Does Section 504 Require Digital Accessibility?

September 14, 2022

Within the digital accessibility space, two U.S. laws receive most of the attention: The Americans with Disabilities Act (ADA) and Section 508 of the Rehabilitation Act of 1973. However, another federal non-discrimination law can have important implications for some institutions.

Section 504 of the Rehabilitation Act was the first U.S. federal law to prohibit discrimination on the basis of disability status. It applies to federal agencies and institutions that receive federal funding, and requires those organizations to provide people with an “equal opportunity to participate in their programs and benefit from their services.” 

Under Section 504, many organizations may have an obligation to provide accessible web content, along with reasonable accommodations including auxiliary aids. This is especially important for educational institutions that receive federal funding.

Below, we’ll discuss the distinction between Section 504, Section 508, and the Americans with Disabilities Act (ADA) and provide an overview of how these laws work together to improve digital accessibility.

How does Section 504 relate to other federal disability non-discrimination laws?

On its surface, Section 504 is similar to Section 508. However, Section 508 is specific to federal agencies and includes more specific technical requirements for electronic communications. 

Here’s a closer look at the major differences between these two sections of the Rehabilitation Act and Title II of the ADA: 

  • Section 508 requires federal agencies to offer “comparable access to, and use of, electronic information technology.”
  • Section 504 requires organizations that receive federal funding to provide individuals with disabilities with equal opportunities to participate and programs and benefit from services.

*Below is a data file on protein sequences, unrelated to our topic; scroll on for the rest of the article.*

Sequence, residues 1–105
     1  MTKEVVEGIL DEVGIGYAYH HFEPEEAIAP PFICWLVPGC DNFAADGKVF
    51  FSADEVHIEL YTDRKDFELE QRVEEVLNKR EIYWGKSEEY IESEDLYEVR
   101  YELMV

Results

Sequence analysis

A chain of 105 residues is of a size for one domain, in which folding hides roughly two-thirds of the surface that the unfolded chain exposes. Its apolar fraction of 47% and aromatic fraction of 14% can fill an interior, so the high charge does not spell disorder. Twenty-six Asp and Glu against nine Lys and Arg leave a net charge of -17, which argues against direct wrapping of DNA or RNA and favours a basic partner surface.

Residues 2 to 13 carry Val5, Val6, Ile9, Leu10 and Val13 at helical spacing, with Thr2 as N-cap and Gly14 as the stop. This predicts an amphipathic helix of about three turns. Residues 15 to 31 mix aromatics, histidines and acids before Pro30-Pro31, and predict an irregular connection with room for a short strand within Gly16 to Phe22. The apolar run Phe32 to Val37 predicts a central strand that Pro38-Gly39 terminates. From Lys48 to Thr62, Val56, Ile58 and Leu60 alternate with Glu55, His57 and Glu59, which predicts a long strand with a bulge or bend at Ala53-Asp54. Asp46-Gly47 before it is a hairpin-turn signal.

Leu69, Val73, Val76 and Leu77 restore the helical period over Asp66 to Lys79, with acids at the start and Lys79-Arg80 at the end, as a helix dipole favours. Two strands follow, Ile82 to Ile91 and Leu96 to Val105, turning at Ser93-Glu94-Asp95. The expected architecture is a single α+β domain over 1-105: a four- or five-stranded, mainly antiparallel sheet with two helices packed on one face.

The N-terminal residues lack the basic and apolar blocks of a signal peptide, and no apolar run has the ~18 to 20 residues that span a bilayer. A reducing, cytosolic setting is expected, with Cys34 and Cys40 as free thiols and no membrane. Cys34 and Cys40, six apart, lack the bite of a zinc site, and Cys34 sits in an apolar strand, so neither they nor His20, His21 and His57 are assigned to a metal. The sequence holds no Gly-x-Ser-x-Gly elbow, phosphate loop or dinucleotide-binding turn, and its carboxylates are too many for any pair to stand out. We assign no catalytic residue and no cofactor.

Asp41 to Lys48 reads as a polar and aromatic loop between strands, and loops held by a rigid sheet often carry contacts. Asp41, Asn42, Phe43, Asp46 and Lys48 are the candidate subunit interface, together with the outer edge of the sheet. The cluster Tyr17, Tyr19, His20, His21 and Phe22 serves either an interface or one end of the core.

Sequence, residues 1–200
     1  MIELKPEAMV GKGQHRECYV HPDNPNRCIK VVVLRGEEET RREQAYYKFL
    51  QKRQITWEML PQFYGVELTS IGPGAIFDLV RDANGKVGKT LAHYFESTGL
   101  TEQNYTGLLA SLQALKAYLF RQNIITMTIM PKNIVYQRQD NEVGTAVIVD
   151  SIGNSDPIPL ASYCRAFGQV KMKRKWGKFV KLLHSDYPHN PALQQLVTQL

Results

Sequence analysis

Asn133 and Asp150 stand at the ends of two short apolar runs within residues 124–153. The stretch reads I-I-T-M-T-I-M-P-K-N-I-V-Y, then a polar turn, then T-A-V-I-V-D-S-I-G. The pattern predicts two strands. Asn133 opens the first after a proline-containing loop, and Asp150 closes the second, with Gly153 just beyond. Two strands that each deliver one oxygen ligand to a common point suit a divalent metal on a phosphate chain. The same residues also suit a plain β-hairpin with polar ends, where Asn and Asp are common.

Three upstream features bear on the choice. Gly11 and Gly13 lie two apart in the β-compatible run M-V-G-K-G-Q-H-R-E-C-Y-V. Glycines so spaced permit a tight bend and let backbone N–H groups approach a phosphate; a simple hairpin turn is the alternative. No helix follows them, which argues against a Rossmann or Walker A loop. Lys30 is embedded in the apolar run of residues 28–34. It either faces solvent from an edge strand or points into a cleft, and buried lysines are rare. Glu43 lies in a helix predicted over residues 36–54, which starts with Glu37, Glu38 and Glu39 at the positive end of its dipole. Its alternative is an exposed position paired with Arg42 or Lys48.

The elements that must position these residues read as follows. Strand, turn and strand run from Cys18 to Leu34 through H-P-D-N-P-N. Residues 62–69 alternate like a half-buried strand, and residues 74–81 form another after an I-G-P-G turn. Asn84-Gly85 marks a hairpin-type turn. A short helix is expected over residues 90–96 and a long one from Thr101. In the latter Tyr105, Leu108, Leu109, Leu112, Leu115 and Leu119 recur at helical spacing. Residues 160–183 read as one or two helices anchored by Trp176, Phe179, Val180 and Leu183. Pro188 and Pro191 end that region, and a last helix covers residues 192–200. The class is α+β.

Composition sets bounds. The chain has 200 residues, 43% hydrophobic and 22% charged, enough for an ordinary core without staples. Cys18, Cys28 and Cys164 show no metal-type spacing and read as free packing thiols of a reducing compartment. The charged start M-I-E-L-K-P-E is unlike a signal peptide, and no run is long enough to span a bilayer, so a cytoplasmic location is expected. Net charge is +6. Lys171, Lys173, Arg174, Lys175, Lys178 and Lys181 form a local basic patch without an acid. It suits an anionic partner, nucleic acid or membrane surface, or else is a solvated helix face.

• Title II of the ADA effectively extends the requirements of Section 504 to all activities of state and local governments, regardless of whether those agencies receive federal funding.
  • Title III of the ADA prohibits businesses, non-profits, and most other organizations from discriminating in “places of public accommodation,” which includes websites and mobile content according to the Department of Justice.

Providing an accessible website that meets Section 508 standards is one way to improve compliance with Section 504 and Title II of the ADA, but it’s not always enough. Educational institutions may need to provide auxiliary aids (such as braille documents, captioned videos, and assistive technology for accessing web content) under certain circumstances.

The bottom line: Section 504 was the United States' first disability civil rights law, but it was greatly restricted in scope. The ADA extended Section 504, while Section 508 added standards for electronic communications. 

All three laws provide important protections for the rights of individuals with disabilities — but Section 504 compliance is most applicable to educational institutions, hospitals, and other organizations that receive federal funding.